🔼The name Kitron: Summary
- Place Of [Sacrificial] Burning
- Little One
- From the verb קטר (qatar), to produce thick smoke.
- From the verb קטן (qaton), to be small.
🔼The name Kitron in the Bible
The name Kitron occurs only once in the Bible. It's the name of a town, apparently in the territory allotted to the tribe of Zebulun. In Judges 1:30 we read that Zebulun failed to expel the indigenous Canaanites from Kitron and Nahalol, but put them to slave labor. In Joshua 19:15 the boundaries of Zebulun are listed, and among the cities mentioned are Kattah and Nahalal. Because of the similarity between Nahalal and Nahalol, scholars assume that they are the same, and continue to conclude Kattah and Kitron are also the same.
🔼Etymology of the name Kitron
The name Kitron looks like it comes from the root קטר:
The verb קטר (qatar) probably originally meant to rise up but came to denote the rising up of sacrificial smoke, which in turn commonly marked celebrations and surplus, and smelled pleasant after roasts or incense.
The difference between (a) selective distribution of food and merriment to one's favored customer or project and (b) unselective distribution to everyone around is the same difference between the generosity of modern philanthropy and that of God: the former "gives" only to whatever endeavor makes the giver stronger, whereas God gives to all people without discrimination (Matthew 5:45, Joel 2:28), and allows everybody to grow into whatever they can and sort their stuff out by their own authority and responsibility.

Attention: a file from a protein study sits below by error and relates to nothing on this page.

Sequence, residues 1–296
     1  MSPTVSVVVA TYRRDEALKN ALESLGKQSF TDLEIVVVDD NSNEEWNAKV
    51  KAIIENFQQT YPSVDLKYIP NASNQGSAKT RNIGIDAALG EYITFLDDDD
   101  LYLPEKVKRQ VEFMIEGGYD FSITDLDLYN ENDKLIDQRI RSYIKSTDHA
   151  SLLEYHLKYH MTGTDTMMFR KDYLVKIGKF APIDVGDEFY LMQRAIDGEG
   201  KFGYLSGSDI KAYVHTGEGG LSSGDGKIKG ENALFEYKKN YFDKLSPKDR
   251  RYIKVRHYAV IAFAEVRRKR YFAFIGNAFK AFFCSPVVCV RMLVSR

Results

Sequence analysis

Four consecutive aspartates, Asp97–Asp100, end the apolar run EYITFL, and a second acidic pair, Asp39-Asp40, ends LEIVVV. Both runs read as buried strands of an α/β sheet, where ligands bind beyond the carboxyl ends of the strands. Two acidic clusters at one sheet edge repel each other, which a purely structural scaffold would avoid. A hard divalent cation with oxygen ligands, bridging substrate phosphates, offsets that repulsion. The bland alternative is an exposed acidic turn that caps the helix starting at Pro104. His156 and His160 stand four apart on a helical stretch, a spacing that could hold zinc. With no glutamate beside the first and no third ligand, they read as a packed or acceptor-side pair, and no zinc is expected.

Nouns קטרת (qetoret), קטר (qitter), מקטר (muqtar) and קטורה (qeturah) refer to incense. Noun קיטור (qitor) refers to thick smoke. Noun מקטר (miqtar) describes a place of sacrificial smoke, מקטרת (miqteret) means censer and מקטרה (meqattera) means incense altar.
Our name could be construed as constructed from a noun taken from the verb קטר, extended with ון to create a personalized or localized form.
However, for some reason, scholars reject the obvious similarities between the name קטרון (Kitron) and the verb קטר (qatar), and assume that our name came to be through the exact same text error that produced the curious word קטרות in Ezekiel 46:22. The idea is that both the author of Ezekiel 46:22 and the author of Judges 1:30 wrote קטר (qatar), meaning to burn incense, but really meant קטן (qaton), meaning to be small:
The verb קטן (qaton) means to be small or insignificant. Adjectives קטן (qatan) and קטן (qaton) mean small, young or insignificant. Noun קטן (qeton) refers to the little finger.
To any Hebrew audience, especially those who imagined that the Bible writers wrote what they meant to write, the name Kitron would have meant Place Of Incense Burning.
For a meaning of the name Kitron, Alfred Jones (Dictionary of Old Testament Proper Names) proposes that our name comes from קטר II, but gives that verb the meaning of to be bound. He then makes a giant leap of interpretive creativity and translates our name with Knotty.
BDB Theological Dictionary doesn't translate our name but does list it under קטר II. That root, however, BDB deems dubious and refers for its only occurrence to the verb קטן (qaton), meaning to be small.
NOBSE Study Bible Name List agrees with all of this and reads Shortened, Little.